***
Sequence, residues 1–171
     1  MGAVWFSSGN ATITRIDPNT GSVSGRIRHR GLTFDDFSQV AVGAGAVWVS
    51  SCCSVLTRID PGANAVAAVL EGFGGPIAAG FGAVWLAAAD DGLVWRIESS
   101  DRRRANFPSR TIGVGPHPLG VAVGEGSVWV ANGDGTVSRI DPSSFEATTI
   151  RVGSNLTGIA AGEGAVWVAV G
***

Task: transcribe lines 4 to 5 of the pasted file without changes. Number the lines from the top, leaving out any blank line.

   101  DRRRANFPSR TIGVGPHPLG VAVGEGSVWV ANGDGTVSRI DPSSFEATTI
   151  RVGSNLTGIA AGEGAVWVAV G